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If the smash hit “Goodies” reminds you of Usher’s “Yeah,” that’s because it’s supposed to: Both were whipped up by Lil Jon, who, goes the story, decided his newly invented Crunk & B needed a queen and 18-year-old Ciara fit the suit. With lines like “You won’t get no nookie or the cookies,” words that surely have never been actually uttered in the course of human history, “Goodies” also suggests an excessively virginal “Milkshake”: Ciara won’t teach you, but she might have to charge anyway.
Goodies is filled with the sort of songs only a male hip-hop producer might think were empowering. “Don’t want to disturb the flow,” Ciara tells a randy suitor in “Next to You,” written by R. Kelly. “But this is not my m.o.” Any record that includes a discourse on teenage morality courtesy of R. Kelly (surprise! He’s for it) is not a record afraid of irony, intentional or otherwise.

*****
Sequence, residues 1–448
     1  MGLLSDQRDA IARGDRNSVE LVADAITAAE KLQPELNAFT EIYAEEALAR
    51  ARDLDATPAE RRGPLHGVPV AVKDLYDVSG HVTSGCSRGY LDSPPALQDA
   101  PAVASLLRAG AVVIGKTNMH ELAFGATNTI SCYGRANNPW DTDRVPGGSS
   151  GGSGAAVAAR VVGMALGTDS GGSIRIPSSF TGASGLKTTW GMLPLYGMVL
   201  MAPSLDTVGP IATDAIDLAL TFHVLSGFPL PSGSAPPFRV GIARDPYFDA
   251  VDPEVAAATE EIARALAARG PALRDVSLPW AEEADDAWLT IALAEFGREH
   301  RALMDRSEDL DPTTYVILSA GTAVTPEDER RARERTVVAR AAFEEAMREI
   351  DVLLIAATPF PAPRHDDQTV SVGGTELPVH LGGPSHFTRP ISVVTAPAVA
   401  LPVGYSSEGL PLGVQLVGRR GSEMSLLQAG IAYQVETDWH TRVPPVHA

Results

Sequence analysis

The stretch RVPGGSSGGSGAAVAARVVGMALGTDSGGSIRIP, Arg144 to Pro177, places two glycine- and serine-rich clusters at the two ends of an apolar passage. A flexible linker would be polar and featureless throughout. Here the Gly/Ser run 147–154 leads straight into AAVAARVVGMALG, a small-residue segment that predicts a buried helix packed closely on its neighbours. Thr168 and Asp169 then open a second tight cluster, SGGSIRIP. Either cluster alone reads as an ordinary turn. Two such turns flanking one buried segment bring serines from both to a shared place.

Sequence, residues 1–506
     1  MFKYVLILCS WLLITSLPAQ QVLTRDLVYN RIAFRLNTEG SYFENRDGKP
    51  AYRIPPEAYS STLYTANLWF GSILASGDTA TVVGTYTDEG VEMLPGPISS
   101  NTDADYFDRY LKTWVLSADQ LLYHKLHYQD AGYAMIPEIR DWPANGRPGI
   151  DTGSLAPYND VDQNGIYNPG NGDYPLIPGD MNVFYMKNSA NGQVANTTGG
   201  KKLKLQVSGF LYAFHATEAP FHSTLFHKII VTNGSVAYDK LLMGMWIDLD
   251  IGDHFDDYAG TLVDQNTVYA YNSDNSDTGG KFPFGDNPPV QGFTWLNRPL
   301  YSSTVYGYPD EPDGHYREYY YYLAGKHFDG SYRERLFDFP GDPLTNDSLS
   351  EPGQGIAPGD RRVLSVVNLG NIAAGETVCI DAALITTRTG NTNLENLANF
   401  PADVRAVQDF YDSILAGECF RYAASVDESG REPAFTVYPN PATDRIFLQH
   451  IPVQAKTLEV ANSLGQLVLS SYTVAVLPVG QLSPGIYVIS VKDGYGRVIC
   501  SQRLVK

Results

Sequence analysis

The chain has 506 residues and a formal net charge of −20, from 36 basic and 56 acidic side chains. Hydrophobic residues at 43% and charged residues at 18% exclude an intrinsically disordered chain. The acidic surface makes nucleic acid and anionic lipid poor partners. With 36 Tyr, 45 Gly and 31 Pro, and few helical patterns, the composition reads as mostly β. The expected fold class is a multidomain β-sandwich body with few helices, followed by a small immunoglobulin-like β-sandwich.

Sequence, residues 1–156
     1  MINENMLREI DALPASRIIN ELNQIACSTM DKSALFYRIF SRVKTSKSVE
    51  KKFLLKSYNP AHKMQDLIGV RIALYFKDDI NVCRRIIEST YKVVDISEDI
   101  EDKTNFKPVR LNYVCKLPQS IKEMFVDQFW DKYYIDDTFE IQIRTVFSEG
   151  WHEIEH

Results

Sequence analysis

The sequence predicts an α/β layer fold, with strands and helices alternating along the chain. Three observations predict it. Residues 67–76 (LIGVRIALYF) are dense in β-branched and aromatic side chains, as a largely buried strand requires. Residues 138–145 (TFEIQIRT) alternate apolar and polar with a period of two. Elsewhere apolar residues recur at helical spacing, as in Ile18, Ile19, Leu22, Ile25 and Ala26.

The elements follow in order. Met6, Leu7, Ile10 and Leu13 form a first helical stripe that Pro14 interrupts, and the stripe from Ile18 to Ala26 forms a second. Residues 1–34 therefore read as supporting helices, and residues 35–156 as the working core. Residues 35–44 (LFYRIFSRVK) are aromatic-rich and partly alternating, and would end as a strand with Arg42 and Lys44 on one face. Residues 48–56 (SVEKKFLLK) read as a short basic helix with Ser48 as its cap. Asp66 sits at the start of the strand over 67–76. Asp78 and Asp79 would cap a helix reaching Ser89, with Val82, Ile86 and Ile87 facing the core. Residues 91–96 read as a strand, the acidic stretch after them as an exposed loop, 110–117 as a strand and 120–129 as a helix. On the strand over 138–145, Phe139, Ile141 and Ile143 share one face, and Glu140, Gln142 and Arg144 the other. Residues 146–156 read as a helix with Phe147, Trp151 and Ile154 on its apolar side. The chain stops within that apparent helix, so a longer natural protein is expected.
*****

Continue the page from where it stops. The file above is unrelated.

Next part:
The rest of the disc is far less eventful, populated mostly by mealy ballads. Ciara’s vocals are scrubbed clean of nuance, capable of sounding like Beyoncé on some tracks and Aaliyah on others. But her real counterpart is Ashanti—another empty vessel with a sweet voice, capable of sounding slutty or virginal on cue.